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BOATING—Strung out across the Atlantic and Pacific Oceans were 46 of the world's finest ocean racing crafts. Spread along the 2,225-mile downhill run to HONOLULU were 32 yachts, ranging from the 90-foot ketch, Novia del Mar to the 34-foot sloop, Spirit. Mystery ruled the ATLANTIC as the other 14 yachts headed in fog and radio silence for Point Alpha, a turning point in the 2,864-mile route from Newport to Britain's Eddystone Rocks. Bolero, at 73 feet, was scratch boat in this race. Smallest participant was Four Square, a plucky 30-foot sloop, racing unofficially.
Naval Architect David Boyd's new 12-meter SOVEREIGN went down the ways into Scotland's Holy Loch to become Britain's 15th challenger for the America's Cup. Owner Tony Boyden plans to test his new boat against Boyd's fat-cheeked Sceptre, which hobbyhorsed to ignominious defeat in 1958.
Seattle kept the Gold Cup, top trophy in hydroplane racing, but it was Ron Musson and MISS BARDAHL who won the first prize of $10,000, while four-time winner Bill Muncey finished sixth with Miss Thrift way, after qualifying at a record 116.643 mph. Detroit's Gale V was second; Gale VII was sunk (see page 52).
GOLF—DOUG FORD sank a 15-foot putt on the 17th hole at the Canadian Open, won it for the second time with a four-under-par 280.
John Spotts, 20, putting in a parking lot in Cleveland, won the $50,000 Professional Putters Association tournament and first prize of $10,000 (see page 16).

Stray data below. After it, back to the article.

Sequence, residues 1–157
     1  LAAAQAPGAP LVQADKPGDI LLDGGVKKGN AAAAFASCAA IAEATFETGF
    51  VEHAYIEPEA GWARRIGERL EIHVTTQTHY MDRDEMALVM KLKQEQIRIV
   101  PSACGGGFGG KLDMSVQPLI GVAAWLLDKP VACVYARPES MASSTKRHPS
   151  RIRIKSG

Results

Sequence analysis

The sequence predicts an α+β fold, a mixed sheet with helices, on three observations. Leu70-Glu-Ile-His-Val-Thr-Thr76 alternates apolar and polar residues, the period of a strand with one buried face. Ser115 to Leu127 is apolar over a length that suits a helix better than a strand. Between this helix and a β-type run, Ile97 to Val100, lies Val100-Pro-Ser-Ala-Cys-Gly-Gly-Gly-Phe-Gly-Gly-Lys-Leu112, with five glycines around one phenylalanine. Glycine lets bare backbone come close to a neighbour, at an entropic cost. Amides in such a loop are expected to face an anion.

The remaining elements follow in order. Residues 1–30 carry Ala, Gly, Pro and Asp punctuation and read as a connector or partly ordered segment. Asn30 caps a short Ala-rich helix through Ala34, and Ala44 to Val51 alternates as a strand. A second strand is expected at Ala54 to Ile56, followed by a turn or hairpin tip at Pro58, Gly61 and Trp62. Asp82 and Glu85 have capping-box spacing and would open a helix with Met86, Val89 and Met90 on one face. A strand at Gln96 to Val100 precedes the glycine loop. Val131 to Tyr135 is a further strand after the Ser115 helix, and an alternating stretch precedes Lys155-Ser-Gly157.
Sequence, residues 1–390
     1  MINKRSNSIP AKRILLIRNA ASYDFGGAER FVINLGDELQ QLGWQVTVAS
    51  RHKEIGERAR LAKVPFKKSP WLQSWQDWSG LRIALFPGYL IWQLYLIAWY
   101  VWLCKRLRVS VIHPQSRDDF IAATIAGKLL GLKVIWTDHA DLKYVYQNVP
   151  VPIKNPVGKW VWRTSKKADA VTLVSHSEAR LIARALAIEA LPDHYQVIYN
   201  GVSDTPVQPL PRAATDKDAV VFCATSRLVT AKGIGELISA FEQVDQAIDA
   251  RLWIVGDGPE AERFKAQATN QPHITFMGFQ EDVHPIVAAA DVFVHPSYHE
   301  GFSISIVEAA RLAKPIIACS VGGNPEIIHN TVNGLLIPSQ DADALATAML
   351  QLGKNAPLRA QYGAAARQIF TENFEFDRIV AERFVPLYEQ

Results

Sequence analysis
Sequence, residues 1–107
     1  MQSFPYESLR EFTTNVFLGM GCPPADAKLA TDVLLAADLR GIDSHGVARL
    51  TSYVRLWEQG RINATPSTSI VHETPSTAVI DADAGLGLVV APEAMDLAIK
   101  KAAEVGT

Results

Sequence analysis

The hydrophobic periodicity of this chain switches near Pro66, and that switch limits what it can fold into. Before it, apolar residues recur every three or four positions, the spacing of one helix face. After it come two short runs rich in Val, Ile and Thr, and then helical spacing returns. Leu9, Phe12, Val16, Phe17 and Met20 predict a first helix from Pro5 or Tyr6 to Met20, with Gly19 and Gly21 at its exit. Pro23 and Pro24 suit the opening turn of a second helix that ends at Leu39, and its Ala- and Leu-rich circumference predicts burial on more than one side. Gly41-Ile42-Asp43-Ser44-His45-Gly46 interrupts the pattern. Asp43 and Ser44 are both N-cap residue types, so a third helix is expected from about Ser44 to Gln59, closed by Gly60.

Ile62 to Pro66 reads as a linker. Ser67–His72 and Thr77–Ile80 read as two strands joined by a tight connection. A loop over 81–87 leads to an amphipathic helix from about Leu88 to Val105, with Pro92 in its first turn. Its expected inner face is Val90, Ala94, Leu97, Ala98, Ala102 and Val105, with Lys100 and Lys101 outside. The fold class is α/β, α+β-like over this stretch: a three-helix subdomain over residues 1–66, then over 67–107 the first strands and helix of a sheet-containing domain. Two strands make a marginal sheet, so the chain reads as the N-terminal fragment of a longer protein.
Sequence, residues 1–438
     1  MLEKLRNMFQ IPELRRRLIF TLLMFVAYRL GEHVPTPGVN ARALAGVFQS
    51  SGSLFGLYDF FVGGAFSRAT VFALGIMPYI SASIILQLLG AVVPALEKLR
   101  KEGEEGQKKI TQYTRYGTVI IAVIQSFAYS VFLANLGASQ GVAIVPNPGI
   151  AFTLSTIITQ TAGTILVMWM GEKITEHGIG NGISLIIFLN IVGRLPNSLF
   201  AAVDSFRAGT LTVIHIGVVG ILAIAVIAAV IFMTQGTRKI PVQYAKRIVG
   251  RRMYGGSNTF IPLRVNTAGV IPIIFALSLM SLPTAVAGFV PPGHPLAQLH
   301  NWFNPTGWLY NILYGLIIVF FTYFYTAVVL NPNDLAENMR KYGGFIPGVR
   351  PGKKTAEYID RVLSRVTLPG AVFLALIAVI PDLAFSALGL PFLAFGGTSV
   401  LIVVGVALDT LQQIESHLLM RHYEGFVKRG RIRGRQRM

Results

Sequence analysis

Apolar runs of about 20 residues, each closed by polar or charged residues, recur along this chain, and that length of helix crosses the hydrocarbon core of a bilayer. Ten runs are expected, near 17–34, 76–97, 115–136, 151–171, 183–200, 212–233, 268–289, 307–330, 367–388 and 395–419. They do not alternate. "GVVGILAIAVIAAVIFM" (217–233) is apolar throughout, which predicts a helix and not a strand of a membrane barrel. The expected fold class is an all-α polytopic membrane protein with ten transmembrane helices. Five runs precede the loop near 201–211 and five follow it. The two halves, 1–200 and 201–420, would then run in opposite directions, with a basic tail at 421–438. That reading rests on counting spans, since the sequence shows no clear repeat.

HARNESS' RACING—LEHIGH HANOVER ($6.70), the top 3-year-old of 1962, promises to be this year's best 4-year-old. With trainer and part owner Stanley Dancer at the reins, the son of Adios won the $93,163.50 Realization Pace, adding $46.581.75 to his lifetime earnings for a total of $314,097. Second was Adora's Dream, and third was the only mare in the race, Stand By, driven by Del Insko.
HORSE RACING—CICADA ($4.90) made her debut on grass to win the $28,050 Sheepshead Bay Handicap over Nubile, owned by Writer-Bettor Ernest C. Havemann. Cicada, at 4 years the world's richest race mare, increased her total to $758,324.
Kelso ($2.90), three-time Horse of the Year, won the $108,500 Suburban Handicap by 1� lengths over Saidam to become history's second-highest earner with $1,307,037.
MOTOR SPORTS—BOBBY UNSER made the Pikes Peak hill climb a family affair when he won for the seventh (sixth straight) time in the championship car division, breaking the record of five consecutive wins held by his uncle, Louis Unser. Bobby led the time trials with brother Al in second place. PARNELLI JONES drove a 1963 Mercury over the tortuous 12.4 miles to first place in the stock car division in a record 14:17.4.
Glenn (Fireball) Roberts of Daytona Beach, who switched from Pontiac to Ford in April, won the Firecracker "400," averaging 150.927 mph, followed by two other Fords. With 10 laps to go four Fords led the race, then Tiny Lund blew a tire, and the 1961 Indianapolis winner, A. J. Foyt, blew his engine. Fred Lorenzen ( Ford) battled with Roberts, even under the caution lights, but Fireball won by inches on the last turn.